Whether employed in an office or factory setting, focusing on your work is essential to being productive. However, concentration is not static; it can vary depending on factors like fatigue, distractions, and task difficulty. As a result, it is essential to plan breaks in between tasks. Taking a few minutes to rest and recharge can help you maintain your focus for the rest of the day. In addition, breaks can also provide an opportunity to take care of other vital tasks, like eating lunch or getting some exercise. By planning for breaks, you can ensure that you have the energy and focus necessary to complete your work.
Everyone is often trying to do too much at once. We multitask because it will help us get more done in less time. However, research has shown that multitasking can actually have the opposite effect. When we try to do multiple tasks simultaneously, our brains become overloaded, and we cannot give any task our full attention. This can lead to mistakes, subpar work, and increased stress levels. To be productive, it is crucial to focus on one task at a time and give it your full attention.
Set up or find the suitable space
When it comes to getting our work done, it’s essential to have a comfortable and functional workspace. This is especially true when working remotely, as we can’t rely on office amenities or coworkers to help us stay on track. By setting up a space that supports our tasks and helps us focus, we can boost our productivity and produce our best work. Taking the time to create a supportive workspace will pay off. Blocking noise by choice of location or by using noise-canceling headphones helps a great deal.
Bye-bye telephone, for now
One of the most important things to do when trying to be productive is to eliminate distractions. One of the most significant sources of distraction is the telephone. Although it can be tempting to keep the phone close at hand in case of an emergency, it is often better to set it to silent and move it away from the workspace.
How do you maintain your focus at work?
- Divide the outcome into smaller tasks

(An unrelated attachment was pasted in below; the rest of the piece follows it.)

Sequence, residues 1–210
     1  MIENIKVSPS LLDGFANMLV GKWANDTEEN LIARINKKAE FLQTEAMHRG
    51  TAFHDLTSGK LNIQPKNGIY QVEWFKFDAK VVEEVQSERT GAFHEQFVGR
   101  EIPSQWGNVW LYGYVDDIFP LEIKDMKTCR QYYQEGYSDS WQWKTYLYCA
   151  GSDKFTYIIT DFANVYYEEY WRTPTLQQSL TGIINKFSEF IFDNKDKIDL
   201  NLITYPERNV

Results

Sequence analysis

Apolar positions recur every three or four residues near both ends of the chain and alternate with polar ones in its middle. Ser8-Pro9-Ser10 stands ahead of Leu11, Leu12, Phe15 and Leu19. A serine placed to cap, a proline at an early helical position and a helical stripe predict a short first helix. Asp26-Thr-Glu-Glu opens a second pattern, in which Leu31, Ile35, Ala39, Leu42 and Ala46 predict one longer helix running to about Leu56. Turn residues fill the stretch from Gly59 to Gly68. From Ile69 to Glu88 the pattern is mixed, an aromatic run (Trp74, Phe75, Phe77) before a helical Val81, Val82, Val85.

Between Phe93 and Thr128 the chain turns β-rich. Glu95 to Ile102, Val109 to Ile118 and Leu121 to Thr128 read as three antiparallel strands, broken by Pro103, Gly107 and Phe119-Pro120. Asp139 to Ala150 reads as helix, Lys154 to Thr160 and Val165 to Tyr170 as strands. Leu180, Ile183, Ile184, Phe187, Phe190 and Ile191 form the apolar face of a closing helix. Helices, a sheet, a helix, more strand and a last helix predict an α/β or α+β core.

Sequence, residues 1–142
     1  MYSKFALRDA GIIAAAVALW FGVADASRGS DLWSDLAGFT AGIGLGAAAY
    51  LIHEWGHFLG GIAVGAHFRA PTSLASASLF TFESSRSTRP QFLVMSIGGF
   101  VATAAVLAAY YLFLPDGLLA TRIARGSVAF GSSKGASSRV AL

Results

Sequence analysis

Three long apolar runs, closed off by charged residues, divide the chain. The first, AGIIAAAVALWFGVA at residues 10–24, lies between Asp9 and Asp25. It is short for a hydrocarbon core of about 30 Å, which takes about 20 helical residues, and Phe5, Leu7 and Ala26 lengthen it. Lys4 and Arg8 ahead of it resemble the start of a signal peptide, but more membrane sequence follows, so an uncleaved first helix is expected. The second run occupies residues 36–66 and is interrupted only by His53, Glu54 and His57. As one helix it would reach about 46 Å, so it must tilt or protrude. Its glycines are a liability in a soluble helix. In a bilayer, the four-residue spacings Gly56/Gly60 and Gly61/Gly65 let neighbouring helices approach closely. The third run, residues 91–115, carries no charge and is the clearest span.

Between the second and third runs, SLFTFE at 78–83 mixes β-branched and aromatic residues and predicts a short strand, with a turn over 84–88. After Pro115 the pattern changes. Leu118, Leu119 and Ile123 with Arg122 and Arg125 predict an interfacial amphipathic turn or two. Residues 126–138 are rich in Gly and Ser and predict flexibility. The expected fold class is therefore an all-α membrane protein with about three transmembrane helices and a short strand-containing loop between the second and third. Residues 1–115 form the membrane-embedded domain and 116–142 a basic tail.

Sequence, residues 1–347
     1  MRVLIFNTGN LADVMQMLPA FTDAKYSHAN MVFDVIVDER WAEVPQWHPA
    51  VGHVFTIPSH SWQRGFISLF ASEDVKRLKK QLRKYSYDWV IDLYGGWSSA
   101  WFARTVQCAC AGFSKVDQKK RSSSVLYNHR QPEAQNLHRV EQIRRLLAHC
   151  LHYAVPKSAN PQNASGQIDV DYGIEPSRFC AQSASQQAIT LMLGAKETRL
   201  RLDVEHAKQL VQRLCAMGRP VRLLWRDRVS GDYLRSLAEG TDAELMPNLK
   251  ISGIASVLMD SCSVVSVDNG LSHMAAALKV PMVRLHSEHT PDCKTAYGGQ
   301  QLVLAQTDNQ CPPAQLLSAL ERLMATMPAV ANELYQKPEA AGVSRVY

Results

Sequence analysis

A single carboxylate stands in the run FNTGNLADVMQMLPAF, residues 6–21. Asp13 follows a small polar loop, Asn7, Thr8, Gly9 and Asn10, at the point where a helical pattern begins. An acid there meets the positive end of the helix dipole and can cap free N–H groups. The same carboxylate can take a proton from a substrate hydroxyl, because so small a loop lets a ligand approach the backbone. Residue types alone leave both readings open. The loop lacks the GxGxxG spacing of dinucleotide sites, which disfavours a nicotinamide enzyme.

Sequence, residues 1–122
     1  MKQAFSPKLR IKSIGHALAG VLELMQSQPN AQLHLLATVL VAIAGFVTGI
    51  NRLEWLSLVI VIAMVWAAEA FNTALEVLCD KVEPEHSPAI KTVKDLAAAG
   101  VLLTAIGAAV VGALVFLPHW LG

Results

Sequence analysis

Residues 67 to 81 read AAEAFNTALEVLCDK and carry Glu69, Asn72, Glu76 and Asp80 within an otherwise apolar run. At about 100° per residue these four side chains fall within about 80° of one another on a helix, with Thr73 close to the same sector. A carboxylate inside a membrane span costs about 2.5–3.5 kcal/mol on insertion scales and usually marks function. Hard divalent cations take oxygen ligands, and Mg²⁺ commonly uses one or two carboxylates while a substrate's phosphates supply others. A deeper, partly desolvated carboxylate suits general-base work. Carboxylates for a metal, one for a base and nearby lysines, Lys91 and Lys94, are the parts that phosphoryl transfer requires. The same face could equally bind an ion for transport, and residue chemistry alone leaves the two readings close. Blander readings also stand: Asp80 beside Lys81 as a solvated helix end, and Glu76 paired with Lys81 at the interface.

- Agree with your team on not being disturbed
- Seat personal deadlines and targets
- Kill all notifications
- Plan the moments you deal with your mails
- Plan personal breaks
- Stop multitasking
- Work in the right space
- Put the phone away
Why do I struggle to focus at work?
focus is important at work because it shows that you are interested in your job and are willing to put in the effort to pay attention to detail. Struggling to focus can be caused by a variety of things, such as not being interested in the task at hand, being easily distracted, or feeling overwhelmed. Finding ways to focus at work is essential, such as taking breaks, setting limits on distractions, and breaking down tasks into smaller steps. Finding ways to focus can increase your efficiency and performance at work.
How can I stay focused for working 8 hours?
You can’t. Hence the importance of organizing work processes in synchronous and asynchronous elements. Next: allow all workers to organize the async moments in a way that best fits their life and their work style.
Koen Blanquart is an author, keynote speaker, and strategy consultant. Being a digital nomad, Koen operates worldwide, while he considers New York his home base. In his most recent book, Koen gathered tips and methods of digital nomads to manage a remote workforce and hybrid work. Koen explains how asynchronous and remote work is critical in creating a high-performance workforce in his most recent book. Whenever Koen finds a chance, he’s out and about with his camera.